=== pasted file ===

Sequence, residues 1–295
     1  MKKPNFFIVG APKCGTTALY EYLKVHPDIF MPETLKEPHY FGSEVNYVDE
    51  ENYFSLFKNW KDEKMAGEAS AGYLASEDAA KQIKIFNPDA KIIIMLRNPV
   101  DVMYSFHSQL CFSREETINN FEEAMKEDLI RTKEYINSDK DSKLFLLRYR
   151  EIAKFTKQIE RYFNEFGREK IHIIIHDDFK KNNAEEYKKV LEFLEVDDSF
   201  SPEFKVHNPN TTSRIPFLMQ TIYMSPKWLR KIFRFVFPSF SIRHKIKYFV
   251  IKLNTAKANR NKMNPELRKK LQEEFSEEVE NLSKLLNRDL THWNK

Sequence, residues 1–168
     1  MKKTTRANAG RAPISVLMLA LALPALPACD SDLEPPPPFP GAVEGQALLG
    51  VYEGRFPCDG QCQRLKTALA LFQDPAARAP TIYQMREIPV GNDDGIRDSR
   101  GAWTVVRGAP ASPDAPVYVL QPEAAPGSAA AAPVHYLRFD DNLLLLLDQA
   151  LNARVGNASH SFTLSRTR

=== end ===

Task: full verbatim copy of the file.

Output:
Sequence, residues 1–295
     1  MKKPNFFIVG APKCGTTALY EYLKVHPDIF MPETLKEPHY FGSEVNYVDE
    51  ENYFSLFKNW KDEKMAGEAS AGYLASEDAA KQIKIFNPDA KIIIMLRNPV
   101  DVMYSFHSQL CFSREETINN FEEAMKEDLI RTKEYINSDK DSKLFLLRYR
   151  EIAKFTKQIE RYFNEFGREK IHIIIHDDFK KNNAEEYKKV LEFLEVDDSF
   201  SPEFKVHNPN TTSRIPFLMQ TIYMSPKWLR KIFRFVFPSF SIRHKIKYFV
   251  IKLNTAKANR NKMNPELRKK LQEEFSEEVE NLSKLLNRDL THWNK

Sequence, residues 1–168
     1  MKKTTRANAG RAPISVLMLA LALPALPACD SDLEPPPPFP GAVEGQALLG
    51  VYEGRFPCDG QCQRLKTALA LFQDPAARAP TIYQMREIPV GNDDGIRDSR
   101  GAWTVVRGAP ASPDAPVYVL QPEAAPGSAA AAPVHYLRFD DNLLLLLDQA
   151  LNARVGNASH SFTLSRTR